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The Real Reason Behind The Satellite Shootdown - Caribou

Written by Ernest McDermon

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by Ernest McDermon
February 21, 2008
Right Side News

caribou_150.jpgYesterday the United States successfully destroyed a dead reconnaissance satellite that had lost power after insertion into orbit in 2006, and now was about to reenter Earth's atmosphere.

President Bush approved a Department of Defense operation designed to engage the satellite with a Standard Missile 3 (SM-3) which is designed to destroy inbound ballistic missiles in wartime.

At a briefing earlier this week conducted by Deputy National Security Advisor James Jeffrey, and the Vice Chairman of the Joint Chiefs of Staff Marine Corps General James Cartwright, it was explained that this satellite (weighing approximately 5000 pounds and about the size of a bus) contained a fuel tank full of Hydrazine propellant. If the satellite reentered the atmosphere, there was a slight possibility that the Hydrazine tank could reach the ground and release its contents, which would be hazardous to health with life threatening effects similar to deadly Chlorine gas.

NASA's Administrator Michael Griffin was also present at the briefing and he elaborated on the potential threat posed by the Hydrazine tank. "...from experience we learned with the Columbia disaster, one of the pieces that made it to the ground intact was the Hydrazine tank that the Columbia had on board for its Reaction Control System.

The tank on the Columbia was about the size and shape of the one on the satellite that is coming back in, about 40 inches in diameter, and the one in the Columbia accident actually leaked its Hydrazine fuel on the ground. The Columbia was at the end of its mission when it was destroyed...the amount of fuel remaining in the tank was small, and there were no casualties caused by it."

Administrator Griffin continue that "the tank on the satellite is basically full of Hydrazine, probably hundreds of pounds that is frozen solid now. If anything on the satellite can be expected to survive reentry, it will be this fuel tank and the Hydrazine fuel inside it."
 
General Casey reviewed the options available to the United States in this situation, and stated that theses were basically:

1) Do nothing and hope for the best. If we didn't take the shot at the satellite, it would reenter the atmosphere and hopefully land in the ocean. But the risk existed that if it landed in a populated area, which could basically be anywhere on the globe with this satellite. Worst case: people might die and the United States would be liable for the damages and casualties.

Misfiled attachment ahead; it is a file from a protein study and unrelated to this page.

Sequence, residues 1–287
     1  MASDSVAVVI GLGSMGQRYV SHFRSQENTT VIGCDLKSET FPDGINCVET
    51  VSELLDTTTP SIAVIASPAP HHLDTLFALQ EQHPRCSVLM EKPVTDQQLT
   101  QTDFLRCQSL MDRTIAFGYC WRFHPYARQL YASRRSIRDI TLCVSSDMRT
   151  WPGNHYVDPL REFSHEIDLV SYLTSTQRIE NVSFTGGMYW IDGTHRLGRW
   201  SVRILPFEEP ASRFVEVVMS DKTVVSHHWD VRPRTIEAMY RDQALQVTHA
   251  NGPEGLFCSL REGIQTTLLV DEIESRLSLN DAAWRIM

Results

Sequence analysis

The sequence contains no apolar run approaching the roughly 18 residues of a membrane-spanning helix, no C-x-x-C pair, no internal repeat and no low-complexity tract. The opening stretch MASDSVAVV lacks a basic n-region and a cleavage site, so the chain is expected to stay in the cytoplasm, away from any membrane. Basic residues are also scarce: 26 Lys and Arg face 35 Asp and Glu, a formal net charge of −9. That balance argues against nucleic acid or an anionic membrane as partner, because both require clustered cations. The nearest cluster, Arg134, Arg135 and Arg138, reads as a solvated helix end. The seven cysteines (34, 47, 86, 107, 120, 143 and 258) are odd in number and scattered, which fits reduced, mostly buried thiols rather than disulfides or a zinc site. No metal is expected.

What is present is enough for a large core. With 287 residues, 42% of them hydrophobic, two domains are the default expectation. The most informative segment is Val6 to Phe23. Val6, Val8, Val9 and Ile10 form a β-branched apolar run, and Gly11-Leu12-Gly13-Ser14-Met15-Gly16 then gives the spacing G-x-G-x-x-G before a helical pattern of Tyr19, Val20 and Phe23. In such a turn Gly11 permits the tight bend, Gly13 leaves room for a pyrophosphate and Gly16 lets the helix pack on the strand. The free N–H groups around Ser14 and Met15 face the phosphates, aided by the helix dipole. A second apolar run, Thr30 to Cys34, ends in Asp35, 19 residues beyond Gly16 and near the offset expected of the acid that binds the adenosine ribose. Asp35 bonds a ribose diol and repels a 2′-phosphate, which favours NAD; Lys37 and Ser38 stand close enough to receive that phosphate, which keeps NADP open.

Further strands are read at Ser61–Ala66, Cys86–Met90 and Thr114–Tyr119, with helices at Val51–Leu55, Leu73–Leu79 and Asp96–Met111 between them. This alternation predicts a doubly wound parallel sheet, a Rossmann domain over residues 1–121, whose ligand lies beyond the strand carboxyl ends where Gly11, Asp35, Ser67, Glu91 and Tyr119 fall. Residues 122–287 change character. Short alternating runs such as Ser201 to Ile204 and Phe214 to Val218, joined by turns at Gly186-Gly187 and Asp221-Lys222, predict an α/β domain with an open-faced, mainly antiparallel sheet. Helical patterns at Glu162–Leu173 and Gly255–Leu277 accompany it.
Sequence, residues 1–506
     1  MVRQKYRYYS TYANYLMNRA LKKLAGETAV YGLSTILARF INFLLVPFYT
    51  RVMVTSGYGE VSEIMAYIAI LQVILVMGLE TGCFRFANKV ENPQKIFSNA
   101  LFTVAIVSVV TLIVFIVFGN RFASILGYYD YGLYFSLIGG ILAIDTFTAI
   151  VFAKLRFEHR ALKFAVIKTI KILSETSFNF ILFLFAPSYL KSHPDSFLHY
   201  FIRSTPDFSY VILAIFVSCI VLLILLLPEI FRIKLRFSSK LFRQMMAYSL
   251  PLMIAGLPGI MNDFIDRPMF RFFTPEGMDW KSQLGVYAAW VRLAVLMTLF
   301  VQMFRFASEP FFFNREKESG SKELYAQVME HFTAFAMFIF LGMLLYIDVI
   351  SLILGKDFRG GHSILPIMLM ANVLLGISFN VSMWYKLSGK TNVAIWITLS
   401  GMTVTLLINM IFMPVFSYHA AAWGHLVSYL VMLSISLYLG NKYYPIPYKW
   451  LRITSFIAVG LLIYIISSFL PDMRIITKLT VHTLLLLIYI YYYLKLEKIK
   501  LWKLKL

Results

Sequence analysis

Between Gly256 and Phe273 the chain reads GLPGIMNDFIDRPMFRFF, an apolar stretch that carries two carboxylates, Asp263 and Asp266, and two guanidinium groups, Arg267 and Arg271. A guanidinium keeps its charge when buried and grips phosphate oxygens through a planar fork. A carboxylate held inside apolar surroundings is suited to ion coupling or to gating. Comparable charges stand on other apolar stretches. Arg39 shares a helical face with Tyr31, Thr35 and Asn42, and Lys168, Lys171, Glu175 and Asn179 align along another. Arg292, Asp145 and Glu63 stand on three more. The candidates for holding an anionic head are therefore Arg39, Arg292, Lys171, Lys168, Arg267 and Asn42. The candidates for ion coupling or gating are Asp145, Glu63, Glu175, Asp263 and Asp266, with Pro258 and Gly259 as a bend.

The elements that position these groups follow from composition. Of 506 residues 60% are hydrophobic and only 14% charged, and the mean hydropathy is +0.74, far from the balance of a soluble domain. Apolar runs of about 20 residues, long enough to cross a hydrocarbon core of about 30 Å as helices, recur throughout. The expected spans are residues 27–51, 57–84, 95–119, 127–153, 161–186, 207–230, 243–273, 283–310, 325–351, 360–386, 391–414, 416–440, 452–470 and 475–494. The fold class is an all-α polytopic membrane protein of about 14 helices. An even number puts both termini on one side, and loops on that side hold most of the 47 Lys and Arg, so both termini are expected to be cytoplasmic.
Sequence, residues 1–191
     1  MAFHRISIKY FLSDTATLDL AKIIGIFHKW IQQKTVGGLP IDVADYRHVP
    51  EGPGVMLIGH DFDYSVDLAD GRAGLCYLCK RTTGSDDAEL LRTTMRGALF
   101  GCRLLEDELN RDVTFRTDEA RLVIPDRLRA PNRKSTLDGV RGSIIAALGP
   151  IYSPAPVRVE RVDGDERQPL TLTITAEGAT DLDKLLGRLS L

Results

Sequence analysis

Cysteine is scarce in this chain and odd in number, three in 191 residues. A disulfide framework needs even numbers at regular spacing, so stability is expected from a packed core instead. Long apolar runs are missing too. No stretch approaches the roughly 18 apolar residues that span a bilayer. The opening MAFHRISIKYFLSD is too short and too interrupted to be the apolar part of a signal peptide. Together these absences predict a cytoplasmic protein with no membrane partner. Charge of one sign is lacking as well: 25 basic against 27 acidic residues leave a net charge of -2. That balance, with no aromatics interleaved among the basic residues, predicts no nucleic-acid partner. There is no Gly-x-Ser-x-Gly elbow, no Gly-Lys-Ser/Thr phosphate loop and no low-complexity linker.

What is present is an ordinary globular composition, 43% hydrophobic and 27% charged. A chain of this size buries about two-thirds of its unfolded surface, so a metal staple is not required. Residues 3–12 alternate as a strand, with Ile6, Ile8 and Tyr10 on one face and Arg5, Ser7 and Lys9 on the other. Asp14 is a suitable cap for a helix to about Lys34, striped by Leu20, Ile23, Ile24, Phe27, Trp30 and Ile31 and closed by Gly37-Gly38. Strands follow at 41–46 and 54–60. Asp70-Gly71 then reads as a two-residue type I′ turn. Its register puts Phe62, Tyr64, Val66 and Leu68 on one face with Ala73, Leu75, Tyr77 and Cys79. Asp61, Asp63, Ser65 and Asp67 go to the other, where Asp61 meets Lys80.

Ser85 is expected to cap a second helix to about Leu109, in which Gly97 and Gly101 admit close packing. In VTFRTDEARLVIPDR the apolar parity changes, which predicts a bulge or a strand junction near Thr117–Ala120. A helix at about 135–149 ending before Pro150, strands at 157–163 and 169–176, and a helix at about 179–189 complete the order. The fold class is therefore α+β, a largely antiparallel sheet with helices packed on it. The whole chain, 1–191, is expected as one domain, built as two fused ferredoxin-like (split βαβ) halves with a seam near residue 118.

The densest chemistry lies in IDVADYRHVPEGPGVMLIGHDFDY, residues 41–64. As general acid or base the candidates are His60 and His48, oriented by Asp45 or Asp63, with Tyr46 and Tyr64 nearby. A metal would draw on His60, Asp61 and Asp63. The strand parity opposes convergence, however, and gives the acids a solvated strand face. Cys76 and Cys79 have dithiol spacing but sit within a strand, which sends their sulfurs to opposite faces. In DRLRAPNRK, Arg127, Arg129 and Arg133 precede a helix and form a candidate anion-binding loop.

2) Try to shoot it down, but miss or graze the satellite with the missile. If we miss, we're right where we were with option 1, nothing has changed...the satellite is still coming down. If we graze it, we might cause it to reenter sooner, perhaps within a few orbits, and this would increase the likelihood that it would land in the ocean.

3) Destroy it with the missile. If the United States hit the satellite, we could puncture the Hydrazine fuel tank and destroy the hazard in space. Additionally this would break the 5000 pound satellite up into smaller pieces with less mass individually more drag, causing the bulk of the satellite to reenter the Earth's atmosphere within a few orbits, where they would burn up harmlessly.

The Defense Department, and NASA, believed that the course of action with the least "regret factor" would be to make the attempt to shoot it down, which President Bush accepted, and so ordered.

Worldwide, theories were circulated about the "real reason" for the shootdown. It was variously suggested that either the United States wanted to ensure that the spy satellite's highly classified surveillance systems didn't land where they would be revealed, or that this was actually a "test" of our Anti Ballistic Missile systems.

During the briefing, General Cartwright addressed the first concern when he answered that the United States has had spy satellites reenter in the past, and the sensitive systems on board never survive the heat of reentry, so this was not a consideration for the attempt. Generally the USA will conduct a controlled reentry of spy satellites using the propellant onboard and drop them harmlessly into the ocean. In this case, since the satellite was "dead" and had a full load of fuel on board, the difference was the tank full of Hydrazine.